// Add a View and link a Provider to it.
datastoreService.addView("sample-datastore", SampleViewImpl.class, "sql-provider", null);

The sql-provider Provider now can be used in the View as the default Provider to read text files from a specific directory. Let us say we have the following content for create-user.sql:

INSERT INTO HOME_USERS (ID, NAME) VALUES (1, 'John Wood')

If sql-provider is the default Provider in a RDBMS View, we can read the content of this file with the following code:

// Read the content of 'create-user.sql' and execute it.
view.executeUpdateByName("create-user", null, null);

When executeUpdateByName is invoked, these actions are performed:

  1. The RDBMS View requests the create-user object to sql-provider.
  2. sql-provider reads the content of create-user.sql and returns it (as a String object).
  3. The RDBMS View executes the statement included at create-user.sql in the Data Store.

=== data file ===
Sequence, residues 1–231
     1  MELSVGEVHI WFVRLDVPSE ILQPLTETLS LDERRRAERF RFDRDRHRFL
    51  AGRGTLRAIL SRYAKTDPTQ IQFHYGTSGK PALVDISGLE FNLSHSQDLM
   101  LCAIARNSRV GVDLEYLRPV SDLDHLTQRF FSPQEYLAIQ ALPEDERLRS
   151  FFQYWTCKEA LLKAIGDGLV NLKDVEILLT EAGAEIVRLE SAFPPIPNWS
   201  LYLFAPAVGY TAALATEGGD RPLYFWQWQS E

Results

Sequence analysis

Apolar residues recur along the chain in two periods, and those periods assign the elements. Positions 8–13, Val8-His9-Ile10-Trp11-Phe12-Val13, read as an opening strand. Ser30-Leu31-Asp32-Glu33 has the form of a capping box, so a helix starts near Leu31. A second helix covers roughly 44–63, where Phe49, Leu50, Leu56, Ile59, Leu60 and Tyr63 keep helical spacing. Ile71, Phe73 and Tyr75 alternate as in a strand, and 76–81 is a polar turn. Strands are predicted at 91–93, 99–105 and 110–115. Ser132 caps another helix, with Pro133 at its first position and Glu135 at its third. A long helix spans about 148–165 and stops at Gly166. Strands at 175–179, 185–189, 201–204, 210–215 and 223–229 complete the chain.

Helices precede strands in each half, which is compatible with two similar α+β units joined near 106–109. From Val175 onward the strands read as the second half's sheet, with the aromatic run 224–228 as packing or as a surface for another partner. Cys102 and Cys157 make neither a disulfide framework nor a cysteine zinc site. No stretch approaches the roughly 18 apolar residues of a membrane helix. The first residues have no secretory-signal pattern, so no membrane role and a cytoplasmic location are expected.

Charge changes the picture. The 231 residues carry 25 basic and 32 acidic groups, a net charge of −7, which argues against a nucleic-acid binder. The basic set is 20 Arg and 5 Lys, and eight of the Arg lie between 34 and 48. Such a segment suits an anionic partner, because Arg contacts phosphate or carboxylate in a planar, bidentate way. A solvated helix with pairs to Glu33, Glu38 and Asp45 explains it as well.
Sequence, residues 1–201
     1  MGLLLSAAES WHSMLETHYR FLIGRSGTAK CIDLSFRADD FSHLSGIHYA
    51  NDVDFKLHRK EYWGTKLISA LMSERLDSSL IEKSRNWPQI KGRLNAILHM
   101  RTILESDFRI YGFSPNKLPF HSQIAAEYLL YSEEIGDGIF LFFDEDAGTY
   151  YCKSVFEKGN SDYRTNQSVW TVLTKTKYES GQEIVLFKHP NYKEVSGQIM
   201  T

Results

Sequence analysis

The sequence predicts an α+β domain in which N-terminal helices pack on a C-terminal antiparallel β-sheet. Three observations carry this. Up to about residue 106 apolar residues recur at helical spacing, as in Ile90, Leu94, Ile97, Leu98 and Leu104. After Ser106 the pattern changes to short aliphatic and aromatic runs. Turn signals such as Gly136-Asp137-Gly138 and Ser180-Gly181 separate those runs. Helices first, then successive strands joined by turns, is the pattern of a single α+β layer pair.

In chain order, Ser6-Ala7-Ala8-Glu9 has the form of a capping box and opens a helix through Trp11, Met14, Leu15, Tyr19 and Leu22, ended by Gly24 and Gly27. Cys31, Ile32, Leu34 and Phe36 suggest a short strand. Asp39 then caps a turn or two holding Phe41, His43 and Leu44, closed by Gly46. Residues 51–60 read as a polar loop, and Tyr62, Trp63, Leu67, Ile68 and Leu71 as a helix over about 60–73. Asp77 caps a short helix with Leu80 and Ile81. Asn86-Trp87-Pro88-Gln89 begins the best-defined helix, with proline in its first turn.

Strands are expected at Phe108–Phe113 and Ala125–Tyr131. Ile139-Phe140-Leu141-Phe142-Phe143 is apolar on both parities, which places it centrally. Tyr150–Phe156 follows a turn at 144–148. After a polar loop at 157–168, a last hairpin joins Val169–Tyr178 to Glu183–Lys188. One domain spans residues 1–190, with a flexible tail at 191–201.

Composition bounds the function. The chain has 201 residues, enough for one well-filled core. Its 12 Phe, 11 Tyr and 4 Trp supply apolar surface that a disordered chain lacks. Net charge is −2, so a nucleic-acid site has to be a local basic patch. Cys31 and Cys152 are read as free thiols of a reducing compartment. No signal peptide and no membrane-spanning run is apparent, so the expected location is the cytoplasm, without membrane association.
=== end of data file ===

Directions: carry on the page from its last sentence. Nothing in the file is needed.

The RDBMS View and the FileText Provider are perfect mates. Both, in combination, will simpl-ify a lot the process of executing scripts in your database. Just write simple text files with SQL statements and let Warework execute them for you. It is recommended that you check out the documentation associated to the FileText Provider to fully take advantage of this feature.

If we need a generic statement to create new users in the database, we can define the script create-user.sql with some variables, like this:

INSERT INTO HOME_USERS (ID, NAME) VALUES (${USER_ID}, ${USER_NAME})

Then replace these variables with the values that you need:

// Values for variables.
Hashtable values = new Hashtable();

// Set variables for the update statement.
values.put("USER_ID", new Integer(3));
values.put("USER_NAME", "Ian Sharpe");

// Create a new user in the database.
view.executeUpdateByName("create-user", values, null);